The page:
Discourses at the Communion on Fridays

Discourses at the Communion on Fridays

Discourses at the Communion on Fridays

Discourses at the Communion on Fridays


Soren Kierkegaard's 13 communion discourses constitute a distinct genre among the various forms of religious writing composed by Kierkegaard. Originally published at different times and places, Kierkegaard himself believed that these discourses served as a unifying element in his work and were crucial for understanding his religious thought and philosophy as a whole. Written in an intensely personal liturgical context, the communion discourses prepare the reader for participation in this rite by emphasizing the appropriate posture for forgiveness of sins and confession.


The sacrament of the Lord’s Supper, Eucharist, or Holy Communion is regarded by many Christians as the central rite of the Christian religion. Yet in the history of Christian thought there is little liturgical literature, either dogmatic or popular, that focuses reflectively on the appropriate penitential posture for participation in this sacred ritual or on its personal import for the individual communicant who partakes of the holy meal. the publication of a series of communion discourses by the Danish philosopher of religion and Christian thinker Søren Kierkegaard (1813–1855) constitutes a unique contribution to the phenomenology of religion in this regard. Written with communicants of the Evangelical Lutheran Church of Denmark specifically in mind but potentially edifying for every individual regardless of his or her religious affiliation, Kierkegaard’s communion discourses fill a major void in this genre of religious discourse.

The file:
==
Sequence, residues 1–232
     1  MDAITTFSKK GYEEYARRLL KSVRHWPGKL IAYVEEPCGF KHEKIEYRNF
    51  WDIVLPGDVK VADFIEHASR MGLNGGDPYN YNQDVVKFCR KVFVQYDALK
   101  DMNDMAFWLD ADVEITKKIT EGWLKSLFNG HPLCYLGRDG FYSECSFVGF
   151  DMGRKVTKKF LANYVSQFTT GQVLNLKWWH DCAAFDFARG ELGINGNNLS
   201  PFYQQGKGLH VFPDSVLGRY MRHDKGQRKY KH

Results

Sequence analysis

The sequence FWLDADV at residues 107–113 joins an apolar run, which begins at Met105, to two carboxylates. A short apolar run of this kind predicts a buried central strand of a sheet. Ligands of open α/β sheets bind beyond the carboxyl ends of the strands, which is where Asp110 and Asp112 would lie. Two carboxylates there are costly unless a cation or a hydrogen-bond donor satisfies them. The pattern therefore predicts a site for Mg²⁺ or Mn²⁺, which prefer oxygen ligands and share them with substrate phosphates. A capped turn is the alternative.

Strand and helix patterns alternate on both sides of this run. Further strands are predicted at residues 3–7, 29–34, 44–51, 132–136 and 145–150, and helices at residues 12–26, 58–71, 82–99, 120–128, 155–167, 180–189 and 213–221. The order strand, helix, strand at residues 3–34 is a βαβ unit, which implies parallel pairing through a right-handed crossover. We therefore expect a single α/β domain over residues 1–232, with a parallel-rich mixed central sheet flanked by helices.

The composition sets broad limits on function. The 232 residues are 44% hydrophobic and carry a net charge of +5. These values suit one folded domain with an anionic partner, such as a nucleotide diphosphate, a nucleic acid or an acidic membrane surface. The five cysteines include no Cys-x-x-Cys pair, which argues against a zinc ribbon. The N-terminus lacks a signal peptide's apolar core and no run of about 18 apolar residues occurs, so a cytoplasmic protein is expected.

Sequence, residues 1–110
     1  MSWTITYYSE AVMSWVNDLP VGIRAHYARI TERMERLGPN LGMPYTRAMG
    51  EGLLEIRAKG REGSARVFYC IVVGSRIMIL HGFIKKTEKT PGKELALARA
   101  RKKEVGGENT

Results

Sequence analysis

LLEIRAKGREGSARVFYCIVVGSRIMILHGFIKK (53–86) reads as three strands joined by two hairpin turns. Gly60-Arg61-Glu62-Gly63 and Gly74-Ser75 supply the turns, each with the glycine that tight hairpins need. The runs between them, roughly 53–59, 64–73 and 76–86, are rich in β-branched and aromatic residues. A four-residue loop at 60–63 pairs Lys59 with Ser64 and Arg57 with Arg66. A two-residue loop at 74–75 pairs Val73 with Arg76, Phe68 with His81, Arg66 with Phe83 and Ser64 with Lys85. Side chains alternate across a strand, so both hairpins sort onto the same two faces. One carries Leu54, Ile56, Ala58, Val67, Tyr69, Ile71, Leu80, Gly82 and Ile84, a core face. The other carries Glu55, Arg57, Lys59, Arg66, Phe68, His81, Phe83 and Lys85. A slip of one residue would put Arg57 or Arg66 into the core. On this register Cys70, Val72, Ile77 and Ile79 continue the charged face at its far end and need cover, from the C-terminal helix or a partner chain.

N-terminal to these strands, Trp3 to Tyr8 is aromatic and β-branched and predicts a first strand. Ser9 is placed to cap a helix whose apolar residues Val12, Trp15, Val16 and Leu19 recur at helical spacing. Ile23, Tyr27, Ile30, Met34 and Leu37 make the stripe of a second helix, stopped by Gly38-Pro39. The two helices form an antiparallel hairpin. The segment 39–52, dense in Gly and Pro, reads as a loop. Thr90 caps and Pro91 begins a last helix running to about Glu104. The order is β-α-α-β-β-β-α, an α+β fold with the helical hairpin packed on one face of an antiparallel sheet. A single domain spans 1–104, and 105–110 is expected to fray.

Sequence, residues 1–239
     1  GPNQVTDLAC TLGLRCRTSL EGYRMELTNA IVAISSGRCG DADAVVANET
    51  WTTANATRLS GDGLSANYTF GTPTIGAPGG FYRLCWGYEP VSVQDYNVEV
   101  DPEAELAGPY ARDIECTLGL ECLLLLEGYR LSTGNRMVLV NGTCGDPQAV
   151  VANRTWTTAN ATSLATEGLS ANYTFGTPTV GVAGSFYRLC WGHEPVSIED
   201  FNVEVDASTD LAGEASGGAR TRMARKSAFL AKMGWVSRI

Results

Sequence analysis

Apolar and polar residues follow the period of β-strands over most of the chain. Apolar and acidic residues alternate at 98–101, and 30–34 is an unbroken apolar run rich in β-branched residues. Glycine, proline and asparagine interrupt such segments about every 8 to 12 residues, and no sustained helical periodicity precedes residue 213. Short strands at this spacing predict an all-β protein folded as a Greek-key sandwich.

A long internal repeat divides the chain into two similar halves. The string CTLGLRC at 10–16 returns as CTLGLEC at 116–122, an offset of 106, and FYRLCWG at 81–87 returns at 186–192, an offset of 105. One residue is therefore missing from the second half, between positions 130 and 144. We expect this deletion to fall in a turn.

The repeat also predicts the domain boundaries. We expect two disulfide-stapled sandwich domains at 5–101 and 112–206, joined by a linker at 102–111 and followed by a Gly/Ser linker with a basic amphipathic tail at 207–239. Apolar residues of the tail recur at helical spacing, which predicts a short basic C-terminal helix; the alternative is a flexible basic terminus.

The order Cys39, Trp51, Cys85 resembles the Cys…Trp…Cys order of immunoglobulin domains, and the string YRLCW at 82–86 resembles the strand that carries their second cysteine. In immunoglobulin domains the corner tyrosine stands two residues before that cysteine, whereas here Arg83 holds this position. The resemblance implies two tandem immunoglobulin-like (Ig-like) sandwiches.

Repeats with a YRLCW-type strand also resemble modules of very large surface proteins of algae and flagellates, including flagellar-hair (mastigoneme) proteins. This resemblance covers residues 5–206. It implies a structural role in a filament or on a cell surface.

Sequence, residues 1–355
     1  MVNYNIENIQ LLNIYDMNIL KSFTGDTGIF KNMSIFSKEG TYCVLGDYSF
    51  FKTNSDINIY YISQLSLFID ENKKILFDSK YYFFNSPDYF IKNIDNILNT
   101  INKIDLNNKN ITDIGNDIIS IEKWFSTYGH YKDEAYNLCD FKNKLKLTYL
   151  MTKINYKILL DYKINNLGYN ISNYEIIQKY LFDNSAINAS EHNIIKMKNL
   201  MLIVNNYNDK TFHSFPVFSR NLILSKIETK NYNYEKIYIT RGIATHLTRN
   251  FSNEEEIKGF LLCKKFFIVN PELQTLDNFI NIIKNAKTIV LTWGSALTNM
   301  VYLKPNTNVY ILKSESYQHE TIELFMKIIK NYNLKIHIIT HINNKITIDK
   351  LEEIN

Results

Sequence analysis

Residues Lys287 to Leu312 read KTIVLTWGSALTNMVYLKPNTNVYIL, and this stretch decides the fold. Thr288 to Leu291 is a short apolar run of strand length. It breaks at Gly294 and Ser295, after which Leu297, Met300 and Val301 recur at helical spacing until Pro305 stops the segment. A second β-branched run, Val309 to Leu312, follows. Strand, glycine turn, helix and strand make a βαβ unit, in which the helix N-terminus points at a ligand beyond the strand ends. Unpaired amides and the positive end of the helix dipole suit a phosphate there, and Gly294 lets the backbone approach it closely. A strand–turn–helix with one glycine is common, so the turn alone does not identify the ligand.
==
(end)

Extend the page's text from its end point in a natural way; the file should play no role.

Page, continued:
Among his many religious and philosophical works, all produced in the course of little more than a decade, Kierkegaard wrote a total of thirteen discourses for the communion on Fridays, which was his favorite time to take communion in his native city of Copenhagen, where communion services were regularly held in Lutheran churches on Fridays, Sundays, and holy days. Three of these discourses were actually delivered by Kierkegaard at the Church of Our Lady in the parish where he lived and worked as an independent author. By his own admission, Kierkegaard wrote and spoke “without authority” since he was not an ordained minister or teacher, although he attended the pastoral seminary for a year after completing his undergraduate

1. Niels Cappelørn, “Søren Kierkegaard at Friday Communion in the Church of Our Lady,” trans. K. Brian Söderquist, in IKC:WA, 259, 276–78.

2. Ibid., 283–85.

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